REP. JIM CLYBURN (D-SC): One point may be a win, but I don't think it's a propeller that we need. I want to see a much bigger victory.

SAENZ: The 77-year-old Biden leaning heavily into a service alongside the nation's first black president.

BIDEN: I was incredibly proud to serve with Barack Obama, incredibly proud to be his friend.

SAENZ: For some undecided voters, that is a huge plus.

LAVONDA GREEN, UNDECIDED SOUTH CAROLINA VOTER: A lot of people associate him with Obama, and I think that they believe that he still believe in some of the things that Obama fought for and believed in.

SAENZ: Jaymes McCloud is deciding between Joe Biden and Pete Buttigieg. He says older voter mace feel safe with Biden, but young voters want a closer look.

JAYMES MCCLOUD, UNDECIDED SOUTH CAROLINA VOTER: We don't know Joe from a can of beans, so, it's not safe for us to walk into this. It's just different, it's just 100 percent different.

SAENZ: After South Carolina, a quick turn to Super Tuesday three days later.

(on camera): A lot of your rivals are spending time on the ground in Super Tuesday states. They're outspending you on the air waves. How do you plan to catch up with them in these three days?

BIDEN: You can't catch up with them with money.


You know, I don't have Steyer's money. I don't have the billion dollars he has or I don't have the money that Bloomberg has. But just since the debate we've raised $2 million online. So, we're in the best run we have. I think if we do well here, we'll be able to compete across the board in terms of the money we need to be able to compete.

SAENZ (voice-over): Biden predicting he could win in states like North Carolina and Texas.

BIDEN: I think, you know, the good news for me is the vast majority of people in those states think they know me. I've been around. They know my record. They know I'm pretty straight with what I tell them I'm going to do. So, I feel good about it.


BURNETT: That was Arlette Saenz reporting from South Carolina.

And OUTFRONT now, Democratic Senator Chris Coons of Delaware. He is a supporter of Joe Biden.

Senator, good to have you back.

Look, we all know Joe Biden needs to win South Carolina. When you ask him what he's going to do if he doesn't win it, his response is: I am winning South Carolina.

The question though, of course, is what Mr. Clyburn raised there, right, where he said one point is not enough. It needs to be a big win. How much does Biden need to win by to get the momentum that he needs,

Senator Coons, for Super Tuesday?

SEN. CHRIS COONS (D-DE): Well, Erin, I'm optimistic we're going to see a big win by Joe on Saturday. Last night in the CNN town hall, Joe Biden once again showed the heart, the character, the leadership.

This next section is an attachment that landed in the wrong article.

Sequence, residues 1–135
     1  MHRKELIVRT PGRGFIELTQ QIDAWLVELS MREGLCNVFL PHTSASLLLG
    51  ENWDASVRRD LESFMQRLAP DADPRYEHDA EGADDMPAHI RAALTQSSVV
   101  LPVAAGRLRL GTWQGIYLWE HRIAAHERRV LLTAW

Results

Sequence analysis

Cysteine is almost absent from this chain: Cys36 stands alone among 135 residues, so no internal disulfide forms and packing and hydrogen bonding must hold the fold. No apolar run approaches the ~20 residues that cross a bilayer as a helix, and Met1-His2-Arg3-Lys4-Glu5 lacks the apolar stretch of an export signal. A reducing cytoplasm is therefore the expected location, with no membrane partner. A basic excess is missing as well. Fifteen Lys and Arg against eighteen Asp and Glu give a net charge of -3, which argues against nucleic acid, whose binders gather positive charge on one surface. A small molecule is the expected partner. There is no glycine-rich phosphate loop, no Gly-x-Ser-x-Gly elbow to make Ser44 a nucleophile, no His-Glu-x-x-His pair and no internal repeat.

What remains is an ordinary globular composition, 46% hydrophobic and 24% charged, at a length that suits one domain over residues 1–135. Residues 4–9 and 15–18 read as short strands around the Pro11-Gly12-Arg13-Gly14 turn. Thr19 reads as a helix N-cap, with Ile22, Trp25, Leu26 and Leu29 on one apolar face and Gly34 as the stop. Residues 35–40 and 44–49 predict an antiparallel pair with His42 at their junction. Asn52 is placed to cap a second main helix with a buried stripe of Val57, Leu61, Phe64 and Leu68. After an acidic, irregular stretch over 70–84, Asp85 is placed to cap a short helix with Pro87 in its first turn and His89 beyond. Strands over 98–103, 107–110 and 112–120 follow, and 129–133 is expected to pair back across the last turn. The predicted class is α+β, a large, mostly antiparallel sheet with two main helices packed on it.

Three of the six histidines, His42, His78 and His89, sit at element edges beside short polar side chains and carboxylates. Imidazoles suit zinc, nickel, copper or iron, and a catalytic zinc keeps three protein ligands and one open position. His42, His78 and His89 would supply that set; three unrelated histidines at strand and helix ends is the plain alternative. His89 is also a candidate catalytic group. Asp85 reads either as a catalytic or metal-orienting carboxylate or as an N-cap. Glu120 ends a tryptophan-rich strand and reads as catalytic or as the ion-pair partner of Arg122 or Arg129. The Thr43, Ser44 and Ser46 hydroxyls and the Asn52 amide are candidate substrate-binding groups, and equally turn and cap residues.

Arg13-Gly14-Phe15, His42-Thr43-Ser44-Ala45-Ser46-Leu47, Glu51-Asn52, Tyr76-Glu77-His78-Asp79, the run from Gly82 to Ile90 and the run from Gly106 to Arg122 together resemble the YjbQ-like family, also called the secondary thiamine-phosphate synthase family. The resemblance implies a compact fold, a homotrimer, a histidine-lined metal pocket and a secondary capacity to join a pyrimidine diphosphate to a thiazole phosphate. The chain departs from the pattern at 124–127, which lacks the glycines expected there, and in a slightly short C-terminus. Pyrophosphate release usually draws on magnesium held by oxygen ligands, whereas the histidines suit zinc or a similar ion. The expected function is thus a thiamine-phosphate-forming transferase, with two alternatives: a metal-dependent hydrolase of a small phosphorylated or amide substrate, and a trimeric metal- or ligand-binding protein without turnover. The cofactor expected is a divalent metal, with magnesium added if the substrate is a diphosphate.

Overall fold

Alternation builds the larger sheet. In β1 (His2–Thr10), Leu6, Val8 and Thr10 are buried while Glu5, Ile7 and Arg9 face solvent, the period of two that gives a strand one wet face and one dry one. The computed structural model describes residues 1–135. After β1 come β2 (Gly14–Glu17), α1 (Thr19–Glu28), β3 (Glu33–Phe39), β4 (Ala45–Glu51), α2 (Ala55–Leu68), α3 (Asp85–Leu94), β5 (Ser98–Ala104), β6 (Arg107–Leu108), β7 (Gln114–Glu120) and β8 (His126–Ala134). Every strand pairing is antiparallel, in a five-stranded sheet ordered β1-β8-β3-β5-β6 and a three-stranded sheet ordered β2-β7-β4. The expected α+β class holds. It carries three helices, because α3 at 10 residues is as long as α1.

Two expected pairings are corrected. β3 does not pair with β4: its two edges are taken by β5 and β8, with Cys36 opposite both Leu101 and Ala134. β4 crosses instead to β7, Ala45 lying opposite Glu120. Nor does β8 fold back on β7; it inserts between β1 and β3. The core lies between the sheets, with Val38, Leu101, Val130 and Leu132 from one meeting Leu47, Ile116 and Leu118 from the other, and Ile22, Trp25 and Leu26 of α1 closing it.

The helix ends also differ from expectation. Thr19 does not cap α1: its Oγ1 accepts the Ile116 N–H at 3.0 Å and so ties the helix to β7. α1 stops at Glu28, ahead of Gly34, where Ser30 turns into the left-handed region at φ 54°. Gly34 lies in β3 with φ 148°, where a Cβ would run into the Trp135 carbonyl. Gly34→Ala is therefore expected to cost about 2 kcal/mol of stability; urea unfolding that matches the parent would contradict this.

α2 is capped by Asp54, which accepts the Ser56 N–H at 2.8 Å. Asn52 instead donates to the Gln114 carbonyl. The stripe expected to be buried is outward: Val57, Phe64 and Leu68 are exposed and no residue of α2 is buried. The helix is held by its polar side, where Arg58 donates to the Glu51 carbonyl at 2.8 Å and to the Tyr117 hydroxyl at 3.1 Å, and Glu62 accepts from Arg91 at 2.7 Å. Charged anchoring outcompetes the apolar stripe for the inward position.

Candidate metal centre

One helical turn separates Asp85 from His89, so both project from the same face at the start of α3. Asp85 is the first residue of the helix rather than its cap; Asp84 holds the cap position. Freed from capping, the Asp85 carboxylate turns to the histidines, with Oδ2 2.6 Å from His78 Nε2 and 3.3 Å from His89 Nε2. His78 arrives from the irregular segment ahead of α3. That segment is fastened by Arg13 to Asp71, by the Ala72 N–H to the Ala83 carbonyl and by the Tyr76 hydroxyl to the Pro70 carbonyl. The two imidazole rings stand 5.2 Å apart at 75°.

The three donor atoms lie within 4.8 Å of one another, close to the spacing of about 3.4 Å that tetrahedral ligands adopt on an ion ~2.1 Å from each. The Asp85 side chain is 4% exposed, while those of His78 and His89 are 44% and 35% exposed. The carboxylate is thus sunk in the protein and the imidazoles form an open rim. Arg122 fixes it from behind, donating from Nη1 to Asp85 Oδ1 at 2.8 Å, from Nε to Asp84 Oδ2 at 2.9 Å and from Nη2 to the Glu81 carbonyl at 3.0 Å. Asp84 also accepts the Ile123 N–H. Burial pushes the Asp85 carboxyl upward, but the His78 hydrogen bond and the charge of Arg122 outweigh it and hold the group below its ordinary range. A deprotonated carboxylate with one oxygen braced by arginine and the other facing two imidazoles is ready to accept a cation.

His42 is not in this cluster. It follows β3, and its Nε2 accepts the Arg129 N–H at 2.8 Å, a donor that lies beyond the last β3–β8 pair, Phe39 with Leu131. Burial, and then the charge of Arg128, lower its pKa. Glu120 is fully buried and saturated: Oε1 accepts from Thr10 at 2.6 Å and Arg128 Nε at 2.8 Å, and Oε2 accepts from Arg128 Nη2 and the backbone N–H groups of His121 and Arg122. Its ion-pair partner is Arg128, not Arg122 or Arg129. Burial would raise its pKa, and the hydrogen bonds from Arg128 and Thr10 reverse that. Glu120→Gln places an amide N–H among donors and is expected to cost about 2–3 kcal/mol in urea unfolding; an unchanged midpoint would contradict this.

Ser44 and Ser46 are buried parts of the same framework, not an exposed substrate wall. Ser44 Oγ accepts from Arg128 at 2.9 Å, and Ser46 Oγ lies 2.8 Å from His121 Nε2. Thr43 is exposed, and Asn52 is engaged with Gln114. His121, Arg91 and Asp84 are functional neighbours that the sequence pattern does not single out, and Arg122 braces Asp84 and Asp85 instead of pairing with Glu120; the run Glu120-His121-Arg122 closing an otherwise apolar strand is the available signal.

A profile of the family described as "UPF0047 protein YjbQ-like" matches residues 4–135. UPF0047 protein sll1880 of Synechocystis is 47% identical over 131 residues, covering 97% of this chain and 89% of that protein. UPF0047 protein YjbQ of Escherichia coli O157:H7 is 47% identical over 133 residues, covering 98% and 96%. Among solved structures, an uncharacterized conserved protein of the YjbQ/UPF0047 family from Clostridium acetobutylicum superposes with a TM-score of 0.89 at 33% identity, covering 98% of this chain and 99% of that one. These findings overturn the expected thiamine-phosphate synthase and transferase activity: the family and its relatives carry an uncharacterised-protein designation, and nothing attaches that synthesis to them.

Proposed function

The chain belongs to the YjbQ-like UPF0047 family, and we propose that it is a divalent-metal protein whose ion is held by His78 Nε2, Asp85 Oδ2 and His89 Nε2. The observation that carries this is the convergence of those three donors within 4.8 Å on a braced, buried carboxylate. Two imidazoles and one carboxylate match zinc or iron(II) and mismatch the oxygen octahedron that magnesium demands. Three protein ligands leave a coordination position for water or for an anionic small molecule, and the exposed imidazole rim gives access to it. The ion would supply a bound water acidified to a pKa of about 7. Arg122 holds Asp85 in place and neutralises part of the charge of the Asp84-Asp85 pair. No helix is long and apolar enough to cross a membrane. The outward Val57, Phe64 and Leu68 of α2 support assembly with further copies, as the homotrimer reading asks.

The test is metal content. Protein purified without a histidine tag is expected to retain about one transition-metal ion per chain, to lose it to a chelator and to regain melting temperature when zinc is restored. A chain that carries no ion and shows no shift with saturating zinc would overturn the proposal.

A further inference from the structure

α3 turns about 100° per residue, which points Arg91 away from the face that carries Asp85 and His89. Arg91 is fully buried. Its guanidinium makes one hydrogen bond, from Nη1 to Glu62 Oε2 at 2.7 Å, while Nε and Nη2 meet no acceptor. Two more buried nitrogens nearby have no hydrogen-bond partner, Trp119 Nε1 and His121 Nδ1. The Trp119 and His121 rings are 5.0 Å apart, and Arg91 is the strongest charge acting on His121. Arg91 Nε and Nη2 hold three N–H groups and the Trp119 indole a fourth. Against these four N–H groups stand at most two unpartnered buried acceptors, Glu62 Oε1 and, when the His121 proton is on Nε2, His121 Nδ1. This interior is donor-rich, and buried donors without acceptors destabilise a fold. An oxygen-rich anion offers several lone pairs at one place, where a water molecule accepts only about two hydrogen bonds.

There was some particularly powerful moment where he connected with an Episcopal priest whose wife was murdered at the AME Church in Charleston. He spoke to his leadership record on combating the pandemic of Ebola as part of the Obama/Biden administration. He spoke to how to take on the NRA and won in terms of combating the epidemic of gun violence in our country. But more than anything, he anchored that town hall with his heart.

So, I think he will win, and I think he will win in a way that will catapult him to a bigger win in Super Tuesday across a half dozen states.

Congressman Clyburn's endorsement is a big deal.


COONS: And I think Joe Biden's recovery which began in Nevada is going to strengthen with a significant win in South Carolina on Saturday.

BURNETT: So, he talks about the $2 million he raised since the campaign, right? I mean, I'm sorry, since the debate -- but campaigns also, you know, they end when you run out of money, right? That's how it goes, if not before. But that's when they end.

Right now, you know, Biden is very open about it, massively outspent by his opponents on advertising in Super Tuesday states. He hasn't spent a single dollar in the biggest prize -- California.

He says, well, people know who I am. Do you worry that he has the resources he needs to compete?

COONS: Well, let's be clear, Mike Bloomberg, the former mayor of New York, is spending hundreds and hundreds of millions of dollars introducing himself to people around the country. Bernie Sanders is spending significantly to promote his vision and his priorities.

Between those three who I think are the main candidates at this point, Joe Biden is the Democrat. He's someone who has the former vice president for eight years, is well and widely known. I think his record, I think his ideas, and I think his ability to deliver results for America's middle class and to actually put forward plans that can be achieved is what's going to make him a successful candidate on Tuesday.